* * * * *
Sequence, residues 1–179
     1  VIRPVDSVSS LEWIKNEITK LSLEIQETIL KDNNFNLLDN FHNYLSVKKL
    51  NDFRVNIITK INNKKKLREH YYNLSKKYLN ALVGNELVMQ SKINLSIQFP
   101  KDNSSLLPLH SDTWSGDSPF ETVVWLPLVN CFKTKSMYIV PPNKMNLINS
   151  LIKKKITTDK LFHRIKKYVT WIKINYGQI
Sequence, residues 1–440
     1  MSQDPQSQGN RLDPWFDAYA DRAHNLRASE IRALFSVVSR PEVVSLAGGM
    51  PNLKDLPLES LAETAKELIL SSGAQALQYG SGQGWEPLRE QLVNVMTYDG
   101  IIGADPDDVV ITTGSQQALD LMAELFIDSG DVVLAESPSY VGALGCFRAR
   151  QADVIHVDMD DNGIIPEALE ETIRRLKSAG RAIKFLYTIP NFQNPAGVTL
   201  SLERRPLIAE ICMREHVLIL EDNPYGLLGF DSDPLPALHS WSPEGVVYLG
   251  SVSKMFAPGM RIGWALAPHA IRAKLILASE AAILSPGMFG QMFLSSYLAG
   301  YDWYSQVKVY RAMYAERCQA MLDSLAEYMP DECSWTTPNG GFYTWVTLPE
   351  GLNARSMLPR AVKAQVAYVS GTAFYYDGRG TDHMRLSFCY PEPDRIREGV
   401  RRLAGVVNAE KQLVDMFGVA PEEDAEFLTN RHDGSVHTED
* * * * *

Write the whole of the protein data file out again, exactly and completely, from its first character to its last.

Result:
Sequence, residues 1–179
     1  VIRPVDSVSS LEWIKNEITK LSLEIQETIL KDNNFNLLDN FHNYLSVKKL
    51  NDFRVNIITK INNKKKLREH YYNLSKKYLN ALVGNELVMQ SKINLSIQFP
   101  KDNSSLLPLH SDTWSGDSPF ETVVWLPLVN CFKTKSMYIV PPNKMNLINS
   151  LIKKKITTDK LFHRIKKYVT WIKINYGQI
Sequence, residues 1–440
     1  MSQDPQSQGN RLDPWFDAYA DRAHNLRASE IRALFSVVSR PEVVSLAGGM
    51  PNLKDLPLES LAETAKELIL SSGAQALQYG SGQGWEPLRE QLVNVMTYDG
   101  IIGADPDDVV ITTGSQQALD LMAELFIDSG DVVLAESPSY VGALGCFRAR
   151  QADVIHVDMD DNGIIPEALE ETIRRLKSAG RAIKFLYTIP NFQNPAGVTL
   201  SLERRPLIAE ICMREHVLIL EDNPYGLLGF DSDPLPALHS WSPEGVVYLG
   251  SVSKMFAPGM RIGWALAPHA IRAKLILASE AAILSPGMFG QMFLSSYLAG
   301  YDWYSQVKVY RAMYAERCQA MLDSLAEYMP DECSWTTPNG GFYTWVTLPE
   351  GLNARSMLPR AVKAQVAYVS GTAFYYDGRG TDHMRLSFCY PEPDRIREGV
   401  RRLAGVVNAE KQLVDMFGVA PEEDAEFLTN RHDGSVHTED